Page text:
Additionally, there is variability in the way tattooing is performed: single versus multiple circumferential, and proximal versus distal versus both. In our study, 72.4% of tattoos were placed at a single spot. There was a significant difference in tattoo visibility rate if the tattoo was placed at a single spot versus multiple spots (70.8% v. 88.6%, p = 0.030). The high rate of single-spot tattoos can, in part, account for the large proportion of tattoos (21.5%) that were not visible at surgery. Also, 23 patients had lesions tattooed at a site other than distally, which could lead to confusion as to lesion location during surgery, with potential removal of the wrong segment of bowel or positive margin. Furthermore, in our study there was missing information in regards to tattooing for 43 patients, indicating the need for standardized documentation of tattooing.

Adverse outcomes resulted from inaccurate lesion localization in 45 of 224 (20%) patients in our study: 34 patients had an on-table alteration in surgical plan, 3 patients needed conversion to open surgery to localize the lesion, 7 patients required intraoperative endoscopy to confirm location of the tumour and 1 patient whose lesion was not tattooed had a positive microscopic margin. Adverse outcomes may be avoidable with accurate tattooing at the preoperative endoscopy.

In our study, 33.9% of the tumours were not tattooed. This number is similar to rates of tattooing reported in the literature.15 In our study, 80% of the lesions that were not tattooed were localized in the right colon at endoscopy. Likely, endoscopists did not feel that tattooing was needed if the lesion was visualized in proximity to the landmarks of the ileocecal valve and appendiceal orifice. However, in our study, 25 of the 70 inaccurately localized lesions were described as being in the right colon at endoscopy. We recommend that all potentially significant lesions are tattooed, even those located in the right colon or rectum. Also, if the lesion is not tattooed, we recommend a second colonoscopy be performed to tattoo the lesion if it is not visible on CT scan.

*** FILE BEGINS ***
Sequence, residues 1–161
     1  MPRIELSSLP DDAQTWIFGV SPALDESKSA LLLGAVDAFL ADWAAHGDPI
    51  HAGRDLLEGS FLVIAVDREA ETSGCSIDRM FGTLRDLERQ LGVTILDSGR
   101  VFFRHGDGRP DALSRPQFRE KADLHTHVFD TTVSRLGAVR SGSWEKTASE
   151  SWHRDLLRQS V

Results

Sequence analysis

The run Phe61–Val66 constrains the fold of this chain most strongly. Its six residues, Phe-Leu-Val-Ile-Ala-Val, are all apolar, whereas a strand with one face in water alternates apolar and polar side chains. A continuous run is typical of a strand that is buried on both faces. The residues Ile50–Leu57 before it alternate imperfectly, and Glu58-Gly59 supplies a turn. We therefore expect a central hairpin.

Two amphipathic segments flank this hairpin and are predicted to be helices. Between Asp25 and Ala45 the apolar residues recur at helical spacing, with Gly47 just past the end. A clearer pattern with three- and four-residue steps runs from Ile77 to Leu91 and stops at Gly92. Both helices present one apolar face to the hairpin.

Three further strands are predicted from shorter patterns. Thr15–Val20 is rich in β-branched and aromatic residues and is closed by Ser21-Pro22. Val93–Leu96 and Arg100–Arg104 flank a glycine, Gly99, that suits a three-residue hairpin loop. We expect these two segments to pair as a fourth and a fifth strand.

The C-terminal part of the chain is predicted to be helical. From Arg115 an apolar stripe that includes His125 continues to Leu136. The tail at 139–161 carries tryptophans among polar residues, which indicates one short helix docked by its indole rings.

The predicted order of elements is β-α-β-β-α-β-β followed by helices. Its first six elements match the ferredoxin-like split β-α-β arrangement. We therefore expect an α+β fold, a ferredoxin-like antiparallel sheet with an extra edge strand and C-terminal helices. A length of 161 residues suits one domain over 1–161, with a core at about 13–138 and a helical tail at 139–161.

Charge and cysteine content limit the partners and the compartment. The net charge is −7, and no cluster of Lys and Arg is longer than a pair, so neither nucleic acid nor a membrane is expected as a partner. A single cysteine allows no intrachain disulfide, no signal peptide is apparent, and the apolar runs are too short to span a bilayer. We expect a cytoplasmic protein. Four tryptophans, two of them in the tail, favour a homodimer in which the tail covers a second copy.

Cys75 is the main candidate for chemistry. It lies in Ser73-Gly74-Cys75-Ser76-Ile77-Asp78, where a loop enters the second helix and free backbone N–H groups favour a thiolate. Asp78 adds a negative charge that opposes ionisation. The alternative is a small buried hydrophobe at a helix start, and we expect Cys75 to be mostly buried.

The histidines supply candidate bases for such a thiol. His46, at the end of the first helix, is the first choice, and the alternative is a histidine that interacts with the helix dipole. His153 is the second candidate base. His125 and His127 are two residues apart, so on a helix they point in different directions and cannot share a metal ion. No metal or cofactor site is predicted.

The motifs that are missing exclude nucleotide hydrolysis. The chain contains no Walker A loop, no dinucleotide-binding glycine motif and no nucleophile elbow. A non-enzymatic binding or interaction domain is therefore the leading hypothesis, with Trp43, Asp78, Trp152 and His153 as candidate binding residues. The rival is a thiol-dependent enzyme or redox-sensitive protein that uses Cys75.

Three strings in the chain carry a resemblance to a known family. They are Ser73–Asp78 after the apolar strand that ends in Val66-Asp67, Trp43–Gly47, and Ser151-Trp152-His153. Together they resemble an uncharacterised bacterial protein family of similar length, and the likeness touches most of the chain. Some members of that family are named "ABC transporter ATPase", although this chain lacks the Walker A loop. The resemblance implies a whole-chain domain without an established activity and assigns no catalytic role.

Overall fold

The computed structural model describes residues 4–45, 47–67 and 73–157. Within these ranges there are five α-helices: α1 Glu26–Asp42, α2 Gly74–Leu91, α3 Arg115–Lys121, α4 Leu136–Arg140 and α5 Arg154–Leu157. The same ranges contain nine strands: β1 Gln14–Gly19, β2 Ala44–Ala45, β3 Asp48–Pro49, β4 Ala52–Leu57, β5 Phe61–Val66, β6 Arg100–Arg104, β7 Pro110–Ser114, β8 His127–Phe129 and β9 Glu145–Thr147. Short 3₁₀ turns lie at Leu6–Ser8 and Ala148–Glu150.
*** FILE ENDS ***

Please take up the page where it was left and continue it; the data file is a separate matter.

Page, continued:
Arguments supporting the recommendation of tattooing all cancers and suspicious polyps include safety and low cost.16 In our series, no complications resulted from endoscopic tattooing. There was also no difference in the number of lymph nodes retrieved or in intraoperative complication rates from tattooing. Shorter duration of surgery in our nontattooed group was explained by the higher number of right-sided lesions that were not tattooed.


Our study was limited by its retrospective design and single-institution experience. The decision to tattoo or not tattoo the lesion was at the discretion of the endoscopist, which introduced potential selection bias. Additionally, absence of standardized endoscopy reporting on tattooing resulted in missing or incomplete data. Finally, there were no data on the use of a scope guide, which can help with localization of the lesion.


To improve surgical planning and outcomes, we recommend endoscopic tattooing of all cancers and suspicious polyps just distal to the lesion using multiple injections to cover the circumference of the bowel wall as well as recording all pertinent information in the endoscopy report. Every institution should establish clear guidelines to ensure standard practice among endoscopists and to increase accuracy rates.


This paper was submitted as an abstract and accepted for poster presentation at the 2016 American Society of Colon and Rectal Surgeons meeting, May 5–9, Los Angeles, Calif., and at the 2016 Canadian Surgery Forum, Sept. 8–10, Toronto, Ont.

Competing interests: P.T. Phang is a consultant with Servier. No other competing interests declared.

Contributors: F. Letarte, M. Raval, A. Karimuddin, C. Brown and P.T. Phang designed the study. F. Letarte, M. Webb and P.T. Phang acquired the data, which F. Letarte, M. Raval, A. Karimuddin, C. Brown and P.T. Phang analyzed. F. Letarte, A. Karimuddin and P.T. Phang wrote the article, which all authors reviewed and approved for publication.


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Articles from Canadian Journal of Surgery are provided here courtesy of Canadian Medical Association